Edible Native Berries
The Pacific Northwest is ideal for growing many kinds of edible berries. There are many native species that produce delicious berries that people go out of their way to collect. Many people have favorite berry patches that they return to year after year to harvest nature’s bounty. By planting these species in your landscape, you can have quick access to these flavorful treats!
Native peoples ate berries fresh and dried (like raisins), cooked, mashed and dried into cakes, or they preserved them in fats such as oolichan grease made from a small, smelt-like fish— their olive oil! Today we may eat them fresh, in desserts, baked into muffins or pies, or made into jams, syrups or wines.
Salmonberry, Rubus spectabilis, is one of the earliest berries to ripen; some patches have tastier berries so keep sampling! Blackcap Raspberries, R. leucodermis, are good in jellies and syrups. Thimbleberrries, R. parviflorus, are seedy, but can be eaten fresh or dried. Dewberry or Trailing Blackberry, R. ursinus, is our only native blackberry, its small, sweet berries are refreshing in late summer.
Oval-leaved Blueberries, Vaccinium ovalifolium, are highly regarded; they fruit early in July after Salmonberry. Black Huckleberry, V. membranaceum, is one of the most delicious, found mid-summer to fall at middle to high elevations. Cascade Huckleberry, V. deliciosum, also found in subalpine meadows, is worthy of its species name. Dwarf Blueberry, V. caespitosum, found in low elevation bogs and subalpine wet meadows is said to be the “most preferred” blueberry. Red Huckleberry, V. parvifolium, is a favorite, on-the-trail, snack for hikers. Lingonberries, V. vitis-idea, are well-liked by natives of Alaska and BC as well as Scandinavia. Small Cranberries, V. oxycoccus, are found in bogs along the coast. Evergreen Huckleberries, V. ovatum, although usually small and black, some are bigger, like blueberries; they are said to taste sweeter after the first frost. All are good baked in muffins or they can be collected along the trail for a great addition to your morning pancakes when you are backpacking!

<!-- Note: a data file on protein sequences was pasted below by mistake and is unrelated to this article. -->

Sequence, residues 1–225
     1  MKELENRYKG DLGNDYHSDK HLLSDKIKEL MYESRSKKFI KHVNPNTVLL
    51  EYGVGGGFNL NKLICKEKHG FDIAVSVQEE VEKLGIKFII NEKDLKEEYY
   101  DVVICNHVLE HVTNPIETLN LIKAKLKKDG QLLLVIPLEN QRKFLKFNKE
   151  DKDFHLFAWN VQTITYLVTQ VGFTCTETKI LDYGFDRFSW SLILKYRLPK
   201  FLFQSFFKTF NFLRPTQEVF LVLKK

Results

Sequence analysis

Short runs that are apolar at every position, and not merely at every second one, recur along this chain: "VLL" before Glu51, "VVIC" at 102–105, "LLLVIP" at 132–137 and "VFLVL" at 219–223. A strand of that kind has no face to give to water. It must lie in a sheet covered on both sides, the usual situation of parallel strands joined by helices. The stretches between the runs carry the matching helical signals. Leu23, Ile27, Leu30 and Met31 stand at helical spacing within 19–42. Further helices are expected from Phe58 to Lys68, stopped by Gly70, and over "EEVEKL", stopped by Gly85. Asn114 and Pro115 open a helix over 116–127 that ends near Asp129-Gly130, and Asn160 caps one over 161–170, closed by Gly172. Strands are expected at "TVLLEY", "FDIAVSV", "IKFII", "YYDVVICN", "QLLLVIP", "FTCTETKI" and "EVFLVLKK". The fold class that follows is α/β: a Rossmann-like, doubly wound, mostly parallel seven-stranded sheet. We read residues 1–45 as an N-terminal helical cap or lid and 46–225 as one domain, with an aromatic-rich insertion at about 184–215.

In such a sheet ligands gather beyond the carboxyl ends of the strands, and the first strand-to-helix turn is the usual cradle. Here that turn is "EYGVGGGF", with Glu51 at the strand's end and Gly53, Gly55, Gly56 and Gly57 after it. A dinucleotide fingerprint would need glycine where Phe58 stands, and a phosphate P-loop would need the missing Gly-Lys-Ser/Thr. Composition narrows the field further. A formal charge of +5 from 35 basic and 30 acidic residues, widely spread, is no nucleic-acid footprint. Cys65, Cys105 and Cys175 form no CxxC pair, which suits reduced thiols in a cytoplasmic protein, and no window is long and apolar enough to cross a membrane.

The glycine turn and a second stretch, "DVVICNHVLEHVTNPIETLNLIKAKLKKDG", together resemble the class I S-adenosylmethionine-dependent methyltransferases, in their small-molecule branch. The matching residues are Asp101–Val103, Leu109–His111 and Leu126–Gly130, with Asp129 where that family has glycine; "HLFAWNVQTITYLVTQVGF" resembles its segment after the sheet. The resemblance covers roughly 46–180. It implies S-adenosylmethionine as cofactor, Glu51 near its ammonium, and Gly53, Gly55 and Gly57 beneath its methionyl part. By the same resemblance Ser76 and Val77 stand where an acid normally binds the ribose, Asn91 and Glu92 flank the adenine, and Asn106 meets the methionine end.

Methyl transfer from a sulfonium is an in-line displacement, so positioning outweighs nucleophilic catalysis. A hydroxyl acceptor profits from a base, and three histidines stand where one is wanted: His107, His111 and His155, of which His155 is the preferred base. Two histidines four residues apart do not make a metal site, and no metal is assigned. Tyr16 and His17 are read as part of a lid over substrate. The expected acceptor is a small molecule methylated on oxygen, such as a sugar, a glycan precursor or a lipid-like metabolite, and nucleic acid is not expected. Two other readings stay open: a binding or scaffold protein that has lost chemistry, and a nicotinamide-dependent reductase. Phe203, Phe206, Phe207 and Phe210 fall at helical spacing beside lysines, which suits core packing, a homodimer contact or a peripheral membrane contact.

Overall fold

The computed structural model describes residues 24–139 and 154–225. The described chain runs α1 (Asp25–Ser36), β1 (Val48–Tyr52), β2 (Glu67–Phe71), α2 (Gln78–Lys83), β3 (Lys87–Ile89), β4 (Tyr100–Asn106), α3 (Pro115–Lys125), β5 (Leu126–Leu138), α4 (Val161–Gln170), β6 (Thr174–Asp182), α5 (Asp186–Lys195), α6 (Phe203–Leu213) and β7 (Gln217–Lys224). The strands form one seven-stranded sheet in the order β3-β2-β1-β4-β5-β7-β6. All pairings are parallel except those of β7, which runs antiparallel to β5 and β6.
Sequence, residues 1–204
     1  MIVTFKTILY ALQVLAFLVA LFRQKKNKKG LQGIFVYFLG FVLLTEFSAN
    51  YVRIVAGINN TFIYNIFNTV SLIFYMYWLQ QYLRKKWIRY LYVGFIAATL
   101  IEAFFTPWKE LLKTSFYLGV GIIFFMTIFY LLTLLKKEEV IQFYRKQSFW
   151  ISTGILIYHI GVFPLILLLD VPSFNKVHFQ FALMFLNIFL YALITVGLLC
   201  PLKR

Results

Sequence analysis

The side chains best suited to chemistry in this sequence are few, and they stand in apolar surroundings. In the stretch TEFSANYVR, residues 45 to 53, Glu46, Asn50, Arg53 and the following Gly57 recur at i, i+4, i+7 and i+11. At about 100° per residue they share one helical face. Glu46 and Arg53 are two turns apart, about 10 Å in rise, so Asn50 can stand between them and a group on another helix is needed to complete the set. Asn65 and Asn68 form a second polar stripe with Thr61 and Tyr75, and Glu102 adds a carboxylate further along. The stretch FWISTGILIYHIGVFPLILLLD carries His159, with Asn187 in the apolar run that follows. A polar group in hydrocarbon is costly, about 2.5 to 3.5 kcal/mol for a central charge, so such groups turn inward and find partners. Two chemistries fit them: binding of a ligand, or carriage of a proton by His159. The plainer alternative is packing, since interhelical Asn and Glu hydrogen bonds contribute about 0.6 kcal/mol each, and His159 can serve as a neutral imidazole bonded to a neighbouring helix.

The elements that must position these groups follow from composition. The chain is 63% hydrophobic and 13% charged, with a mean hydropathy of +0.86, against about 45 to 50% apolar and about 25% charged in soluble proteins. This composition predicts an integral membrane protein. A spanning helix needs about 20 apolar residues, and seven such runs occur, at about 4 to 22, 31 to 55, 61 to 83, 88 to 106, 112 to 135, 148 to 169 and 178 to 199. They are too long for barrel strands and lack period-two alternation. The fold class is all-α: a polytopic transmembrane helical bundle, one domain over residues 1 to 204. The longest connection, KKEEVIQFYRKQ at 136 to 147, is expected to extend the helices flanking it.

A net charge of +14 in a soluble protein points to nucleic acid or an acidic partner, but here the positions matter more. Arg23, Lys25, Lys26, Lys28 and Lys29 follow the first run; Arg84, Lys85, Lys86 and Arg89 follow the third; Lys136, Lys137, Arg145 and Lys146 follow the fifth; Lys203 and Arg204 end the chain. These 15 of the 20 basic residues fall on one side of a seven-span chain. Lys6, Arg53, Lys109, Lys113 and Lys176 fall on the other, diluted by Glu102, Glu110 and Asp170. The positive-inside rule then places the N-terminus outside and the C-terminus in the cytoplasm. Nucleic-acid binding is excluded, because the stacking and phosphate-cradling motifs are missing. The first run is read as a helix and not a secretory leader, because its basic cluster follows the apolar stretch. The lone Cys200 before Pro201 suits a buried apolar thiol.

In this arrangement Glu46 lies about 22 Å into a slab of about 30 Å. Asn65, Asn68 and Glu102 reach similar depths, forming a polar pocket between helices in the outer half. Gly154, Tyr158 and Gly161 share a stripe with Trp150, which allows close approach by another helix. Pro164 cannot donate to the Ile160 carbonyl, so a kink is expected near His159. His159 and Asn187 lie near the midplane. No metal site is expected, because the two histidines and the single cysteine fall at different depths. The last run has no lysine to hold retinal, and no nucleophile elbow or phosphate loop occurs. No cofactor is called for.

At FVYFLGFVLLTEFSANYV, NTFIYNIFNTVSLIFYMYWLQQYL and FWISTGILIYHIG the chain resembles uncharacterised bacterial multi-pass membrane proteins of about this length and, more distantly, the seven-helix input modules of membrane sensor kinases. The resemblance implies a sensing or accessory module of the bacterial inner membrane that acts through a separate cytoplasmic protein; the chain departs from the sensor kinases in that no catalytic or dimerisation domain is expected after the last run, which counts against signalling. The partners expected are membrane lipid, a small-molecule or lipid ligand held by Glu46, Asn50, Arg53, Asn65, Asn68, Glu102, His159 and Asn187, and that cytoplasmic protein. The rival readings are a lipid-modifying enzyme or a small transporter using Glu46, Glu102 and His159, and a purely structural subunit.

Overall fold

Along with Evergreen Huckleberry, Salal, Gaultheria shallon, is one of our most plentiful natives. It is very sweet, but its texture is rather mealy. It is good mixed with other, tarter berries in jellies or preserves.
Saskatoon Serviceberries, Amelanchier alnifolia, are sweet, eaten fresh, used in baking or made into jams or jellies.
Tall Oregon Grape, Mahonia aquifolium, and Low Oregon Grape, M. nervosa, have tart berries. They can be mixed with other sweeter berries and be made into jelly or wine.
All of our strawberries produce edible berries, albeit smaller (but often more flavorful) than commercial strawberries. Coastal or Beach Strawberry, Fragaria chiloensis, is used in hybridizing and is a parent of many cultivated varieties. Many prefer Wild Strawberry, F. virginiana. Wood Strawberries, F. vesca, are somewhat dry, but are good added to rhubarb pies!
Currants native to the east side of the Cascades such as Golden Currant, R. aureum, and Squaw (or Wax) Currant, R. cereum, are good-eating. Black Swamp Gooseberry, R. lacustre , Wild Black Gooseberry, R. divaricatum, and Stink Currant, R. bracteosum, are also edible.
Blue Elderberries, S. caerulea, are used to make a tangy jelly or wine. Because raw berries cause nausea, the berries should always be cooked.
Pacific Crabapple, Malus fusca, and Highbush Cranberry, Viburnum edule, were both harvested by natives in fall and stored in boxes with water and oil, the tart fruits became sweeter over time. Highbush cranberries can be blended with other cranberries to make sauces and preserves.
Soapberries, Shepherdia canadensis, although bitter, can be mixed with water, whipped to a froth, and then sweetened with salal berries.
Always be careful when eating wild berries. Make sure they are identified correctly before you enjoy the eating any of these flavorful fruits!